If we are serious about the matter, we need to value that contribution. I have to say that I do not agree with the hon. Gentleman's premise. I must move on now to the two main issues that must be tackled if we are serious about saving the British pub. All too often we have an air-brushed debate, which is deliberately manufactured by those in the industry who do not want real change. I refer here to the rather misleading "I'm Backing the Pub" campaign that is being promoted by the British Beer and Pub Association.
If we are serious about saving the pub, two things must happen. First, we must reform planning laws. As Mr. Drew said, it is all very well to say that we support the pub, but until we give communities the right to stop the closure of the pubs-they have none at the moment-this is all talk. The Minister would have no say about the closure of his local pubs in Wibsey, which is in his constituency. Decisions to close a pub against the wishes of the community could be taken in Solihull, Burton-on-Trent or anywhere else. We need to have pubs in their own use class order so that any change of use to a pub would have to go through a planning process, which should include an independent viability study to see if that pub is, or could be, viable. At the moment, even pubs that are making money are being deliberately closed just to suit shareholders' interests, and that is a national scandal. We still have the absurd situation in which it is perfectly legal to demolish a free-standing pub overnight without planning permission or to turn it into a restaurant, a shop, a café, or, ludicrously in England and Wales, a financial services office. I have nothing against accountants, but let us face it, they are not hubs of community life.
The second issue is the structure of the industry and the way in which the tied tenant system operates. That is an area that must be tackled. Any solutions that do not tackle such an issue will not stop the closures from happening.
I will be very quick. Does the hon. Gentleman, whom I respect for what he is doing on the issue of pubs and beer, not believe that the tied system is very important for the smaller brewer?
That is an interesting point. One of the problems with this debate is that that argument comes out. The big pub companies say, "You shouldn't abolish the tie." No one is talking about abolishing it; we are talking about reforming it to make it fair for the tenant and the customer. The inflated beer prices are bad for pub consumers and the unfair rents are closing pubs. It is not about abolition, but having a fair and transparent system, which we do not have. The excellent Business and Enterprise Committee report last year highlighted that issue and showed that even when pubs had a turnover of more than £500,000, more than 50 per cent. of lessees earned less than £15,000. That cannot be right, and it is about time that the Government did something about it. That means not waiting for the Office of Fair Trading, which has shown that it does not understand the issue and that it is of little use in this area, but referring the matter to the Competition Commission. The report concluded:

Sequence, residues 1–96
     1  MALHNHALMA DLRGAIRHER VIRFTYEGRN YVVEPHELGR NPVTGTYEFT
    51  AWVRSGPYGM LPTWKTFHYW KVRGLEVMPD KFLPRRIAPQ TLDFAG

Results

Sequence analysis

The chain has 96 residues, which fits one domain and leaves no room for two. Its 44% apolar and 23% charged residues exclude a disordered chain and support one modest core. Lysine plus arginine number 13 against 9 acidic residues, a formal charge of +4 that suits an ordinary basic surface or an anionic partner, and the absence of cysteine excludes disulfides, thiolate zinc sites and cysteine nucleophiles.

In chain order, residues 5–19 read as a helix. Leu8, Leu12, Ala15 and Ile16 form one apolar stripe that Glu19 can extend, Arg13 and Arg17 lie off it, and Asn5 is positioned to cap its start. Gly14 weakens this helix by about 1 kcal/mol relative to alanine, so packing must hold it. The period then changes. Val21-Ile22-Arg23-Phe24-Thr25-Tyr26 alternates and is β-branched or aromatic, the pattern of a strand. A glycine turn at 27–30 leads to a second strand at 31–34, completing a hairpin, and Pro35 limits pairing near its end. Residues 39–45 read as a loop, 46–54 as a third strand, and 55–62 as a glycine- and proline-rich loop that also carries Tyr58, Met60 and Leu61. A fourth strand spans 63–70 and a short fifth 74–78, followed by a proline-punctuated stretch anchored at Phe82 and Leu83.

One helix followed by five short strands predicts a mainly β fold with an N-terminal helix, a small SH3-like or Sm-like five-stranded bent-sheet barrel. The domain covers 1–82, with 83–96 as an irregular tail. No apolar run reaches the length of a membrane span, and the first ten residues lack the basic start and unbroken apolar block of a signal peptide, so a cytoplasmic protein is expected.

"The time has now come for Government to intervene to ensure a fair and legal framework."
Will the Minister indicate that the Government will do that, because this is an issue of fairness and of exploitation of workers-the kind of things that one would hope a Labour Government would take seriously.
The British Beer and Pub Association is trying to stall the process. I have nothing against the organisation, and I agree with it on many things, including on beer duty and minimum pricing, but it represents the big pub companies and breweries. It is not the voice of the industry as a whole. It has introduced what it calls a UK industry framework, but it is nothing of the sort because it applies only to its own members. As Greene King has shown, all one has to do if one does not agree is to leave the BBPA. In the meantime, the Independent Pub Confederation has come together with a number of organisations-CAMRA, the Association of Licensed Multiple Retailers, the Federation of Small Businesses, the Guild of Master Victuallers, the Society of Independent Brewers, trade unions and Justice for Licensees-to call for, among other things, reform of the tie.
If we are serious about British pubs, I want to make it clear that what we do not need is yet another debate. I am glad that we have had this opportunity for a debate today, but we do not need another debate to say how important pubs are. I have said that again and again and again-and they are important. However, that importance is not being recognised in planning law. Also, we are not dealing with the fact that more than 50,000 of our pubs are owned by pub companies that, in too many cases, really do not care about the impact of pub closures on communities. We need structural reform and reform of planning law. We also need to give the pub back to the British people.